Early in October, I needed to get back from my hometown of Binghamton, NY back to my home in Albany in order to see The Color Purple at Proctors Theatre in nearby Schenectady. I stopped at the nice newish transportation hub in Binghamton, which had been spruced up a whole lot since I last took a bus out of Binghamton.

Unfortunately, it closed at 9:45 p.m., and I was there at 10:30. Worse, when I got online, I discovered that the bus I wanted, which leaves at 4:15 a.m.(!), was sold out.

Still, my friend got up at 3:15 to take me to the bus station; now THAT is a true pal. A bus heading for Syracuse, north, but a couple hours west of Albany, shows up around 4:15. The last time I needed to buy a ticket when the station was closed I would buy it from the driver.

Apparently, the procedure now is that he holds my ID, drives me to Syracuse, and THEN I buy a ticket for the trip I’ve already taken, and get my ID back. Then I buy a ticket for the bus from Syracuse to Albany, which was showing up at 6:30, only a half hour after I arrived; cool.

Syracuse has an even nicer transportation hub. I could have caught the train from there, if necessary.

I liked this: a young woman was heading back to college in western Massachusetts from Rochester, west of Syracuse. Unfortunately, she overslept and missed her bus. Fortunately, her father drove her the nearly 90 miles from Rochester to Syracuse in the middle of the night. She was very appreciative.
When I ride my bike, I ride along the right side of the road, the way I am supposed to. At least a couple times a week, I see a guy bearing right at me, because he’s going on the left side, usually going the wrong way on a one-way street to boot.

Almost every time this happens, he yells, “You’re on the wrong side!” To which I yell back, “You are incorrect.” Short of throwing page 91 of the New York State driver’s manual, which reads, “Where there is [no bicycle lane, bicyclists] must remain near the right curb or edge of the road or on a right shoulder of the road, to prevent interference with other traffic,” there’s not much I can do.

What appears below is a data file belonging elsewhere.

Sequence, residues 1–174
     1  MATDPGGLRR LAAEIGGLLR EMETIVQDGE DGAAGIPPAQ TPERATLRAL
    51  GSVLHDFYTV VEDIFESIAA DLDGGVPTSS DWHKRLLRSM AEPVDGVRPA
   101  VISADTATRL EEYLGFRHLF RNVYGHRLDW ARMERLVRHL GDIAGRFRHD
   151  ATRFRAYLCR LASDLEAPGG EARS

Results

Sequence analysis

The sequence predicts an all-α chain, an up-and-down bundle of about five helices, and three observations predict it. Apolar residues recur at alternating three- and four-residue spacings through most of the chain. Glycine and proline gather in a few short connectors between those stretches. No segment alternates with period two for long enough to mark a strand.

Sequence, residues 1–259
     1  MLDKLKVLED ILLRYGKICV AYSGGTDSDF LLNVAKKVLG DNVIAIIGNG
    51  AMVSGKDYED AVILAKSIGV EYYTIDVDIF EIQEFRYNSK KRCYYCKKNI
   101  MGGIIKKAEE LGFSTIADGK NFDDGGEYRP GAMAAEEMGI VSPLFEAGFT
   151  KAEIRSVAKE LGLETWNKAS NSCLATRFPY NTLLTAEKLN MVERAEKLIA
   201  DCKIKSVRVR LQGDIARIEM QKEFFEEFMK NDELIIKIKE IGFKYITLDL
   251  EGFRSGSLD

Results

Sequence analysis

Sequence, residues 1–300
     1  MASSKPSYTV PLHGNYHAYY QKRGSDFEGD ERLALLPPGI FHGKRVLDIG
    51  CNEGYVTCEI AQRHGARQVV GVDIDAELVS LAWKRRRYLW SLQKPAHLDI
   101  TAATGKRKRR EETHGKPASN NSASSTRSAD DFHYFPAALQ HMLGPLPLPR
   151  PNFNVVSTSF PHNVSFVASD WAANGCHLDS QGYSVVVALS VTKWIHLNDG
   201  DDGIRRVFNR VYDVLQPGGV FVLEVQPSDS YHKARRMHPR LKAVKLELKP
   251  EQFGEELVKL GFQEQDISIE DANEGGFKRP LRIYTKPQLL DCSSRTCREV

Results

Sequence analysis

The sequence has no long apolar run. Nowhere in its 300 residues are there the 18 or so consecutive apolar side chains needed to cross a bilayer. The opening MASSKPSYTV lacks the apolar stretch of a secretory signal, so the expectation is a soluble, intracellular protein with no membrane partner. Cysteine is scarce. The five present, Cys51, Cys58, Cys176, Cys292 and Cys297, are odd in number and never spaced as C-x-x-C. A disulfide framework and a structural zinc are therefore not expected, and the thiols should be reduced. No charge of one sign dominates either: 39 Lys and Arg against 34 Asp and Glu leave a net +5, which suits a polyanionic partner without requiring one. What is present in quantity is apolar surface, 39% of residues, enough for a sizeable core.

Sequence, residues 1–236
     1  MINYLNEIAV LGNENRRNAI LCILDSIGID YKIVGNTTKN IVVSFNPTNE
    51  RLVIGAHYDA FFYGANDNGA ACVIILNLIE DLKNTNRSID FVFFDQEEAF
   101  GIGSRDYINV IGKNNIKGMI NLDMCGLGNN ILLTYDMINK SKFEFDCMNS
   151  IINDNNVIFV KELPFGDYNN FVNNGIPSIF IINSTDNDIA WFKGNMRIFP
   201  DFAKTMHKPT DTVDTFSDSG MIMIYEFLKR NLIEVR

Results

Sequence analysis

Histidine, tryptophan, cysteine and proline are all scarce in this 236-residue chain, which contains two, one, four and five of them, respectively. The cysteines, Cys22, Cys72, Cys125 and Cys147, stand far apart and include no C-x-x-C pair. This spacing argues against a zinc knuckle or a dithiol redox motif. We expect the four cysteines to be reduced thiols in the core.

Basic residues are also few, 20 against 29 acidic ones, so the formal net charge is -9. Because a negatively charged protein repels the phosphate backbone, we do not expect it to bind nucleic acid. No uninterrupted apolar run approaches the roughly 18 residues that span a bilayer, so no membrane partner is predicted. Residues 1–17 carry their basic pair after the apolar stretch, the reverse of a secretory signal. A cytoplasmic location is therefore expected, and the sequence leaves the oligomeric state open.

For ABC Wednesday

14 Responses to “T is for transportation: bus, bike”

  • Rajesh says:

    Interesting experience.

  • KVVS says:

    T for Transportation.Perfect post.

  • When I read blogposts like this… I always feel a little sad about the fact that I don’t know the place about which is written, so I don’t know anything about distances or whatever related to that particular story.

    Still… public transportian is absolute not something I would step in to. I always travel with my own car, or sometimes on my bicyckle (an electric one because due to my bad joints I don’t have the power to get those pedals around constantly myself).

    Have a splendid ♥-warming ABC-Wednes-day / -week
    ♫ M e l ☺ d y ♫ (abc-w-team)

  • CGHill says:

    And there are a few bozos around town who object to bicycles being on the street at all. The city responded by increasing the number of roads with bike lanes, and where a road is really too narrow, there are diamond-shaped signs to the effect that “bicycles may use entire width of lane.”

    They also doubled the bikes available for rental around downtown.

  • Hazel says:

    It pays to be familiar with the driver’s manual. I like riding larges buses.

  • Hildred says:

    Oh dear, a bike is in the past for me. I used to love biking with the grandchildren…as for buses, that one looks splendid and I’m sure Greyhound has improved since my last ride on a bus at least forty years ago!

  • zongrik says:

    things really change

  • Well that was quite the trip ~ Hope you enjoyed the movie ~ ?

    A ShutterBug Explores
    aka (A Creative Harbor)
    Happy Thanksgiving to the USA

  • Roger says:

    We have bike rentals around town starting this year, co-sponsored by the HMO (CDPHP) and the local bus transit (CDTA)

  • Ann says:

    We do have bus service here but not NEAR as large as your state.

  • Jesh StG says:

    If there were bike paths here in the USA I would definitely ride more (since every Dutch person when I grew up, used it around town, doing groceries, shopping, etc.). The bus is another issue. Since in 5th and part of 6th grade I rode the bus (public transportation, not the school bus), I’m wary of a bus – too often strange people on there:)
    Roger, about the turkeys(by the way it was a compliment you even mentioned that, since I am a Dutch citizen!) yes, I pardon the turkeys, but have a very hard time pardoning BO and HC. Have a wonderful Thanksgiving!

  • Bev says:

    I haven’t ridden a bike in so long – used to so enjoy it. Now buses I still iuse and enjoy. Wonderful post Roger.

  • Bicyclists ride all over the roads here – very dangerous
    Happy Thanksgiving!

  • The Husband, while driving, often grumbles at bicyclists who pedal down the wrong side of the road. Fortunately he only grumbles to me, then honk his horn or yell out the window at them.

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